Although he was born in Kansas, Edgar Lee Masters is the quintessential Illinois poet, having moved there as an infant and remained there, first in small Sangamon valley towns and later in Chicago, until he was fifty-five years old. Masters’s mother was interested in literature, music, and the church, and his father was a successful attorney and politician, twin emphases that also served to dominate Masters throughout his life. Largely self-taught, he spent one year at Knox College, where he studied German, Greek, and law. In 1892, the year after he was admitted to the Illinois bar, he moved to Chicago, working first as a bill collector for the electric company, while attempting to get established in law, and writing verse pseudonymously for several Chicago newspapers. He spent the following twenty-five years as a successful attorney in Chicago, eight of those years in partnership with Clarence Darrow. The first of his many books appeared pseudonymously in 1898; by 1915, when Spoon River Anthology was published, he had published several other collections of poetry and unproduced plays and had come to the attention of the British critic John Cowper Powys, who cited Masters as one of three significant new American poets.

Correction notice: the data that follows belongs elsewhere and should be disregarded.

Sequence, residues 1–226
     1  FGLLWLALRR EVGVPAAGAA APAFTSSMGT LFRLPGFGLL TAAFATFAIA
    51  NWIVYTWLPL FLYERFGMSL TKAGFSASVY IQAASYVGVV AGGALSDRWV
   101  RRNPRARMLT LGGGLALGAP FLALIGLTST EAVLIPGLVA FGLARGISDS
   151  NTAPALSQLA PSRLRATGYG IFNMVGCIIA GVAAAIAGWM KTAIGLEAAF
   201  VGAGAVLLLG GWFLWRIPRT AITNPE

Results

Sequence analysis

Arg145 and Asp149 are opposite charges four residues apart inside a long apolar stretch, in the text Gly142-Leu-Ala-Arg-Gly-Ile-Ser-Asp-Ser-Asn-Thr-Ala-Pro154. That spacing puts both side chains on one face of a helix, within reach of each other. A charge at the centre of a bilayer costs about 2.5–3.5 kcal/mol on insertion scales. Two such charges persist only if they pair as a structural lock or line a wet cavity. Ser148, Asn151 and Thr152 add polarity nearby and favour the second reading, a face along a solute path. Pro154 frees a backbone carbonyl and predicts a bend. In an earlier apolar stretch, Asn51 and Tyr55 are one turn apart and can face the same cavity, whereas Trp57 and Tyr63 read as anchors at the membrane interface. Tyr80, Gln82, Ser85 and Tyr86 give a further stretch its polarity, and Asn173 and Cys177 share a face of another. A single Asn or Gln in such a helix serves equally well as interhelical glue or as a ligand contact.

For several years, Masters had been contributing verse to the St. Louis Mirror, a weekly edited and published by William Marion Reedy. In 1913, Reedy had introduced Masters to J. W. MacKail’s translations published as Select Epigrams from the Greek Anthology (1928), and Masters’s subsequent first-person free-verse epitaphs of ordinary small-town characters became the work known as Spoon River Anthology. The success of the book led Masters to relinquish his law practice in 1923 and move to New York City, where he spent most of the rest of his life. His life in New York was marked on one hand by ready access to the publishing world and, on the other, by numerous affairs; married twice, Masters also had many love affairs, at least fifteen of which are indexed in his autobiography. From 1931 to 1944, he lived in the Hotel Chelsea in New York, a traditional residence for writers, and then in various convalescent homes until shortly before his death in such a home in a Philadelphia suburb.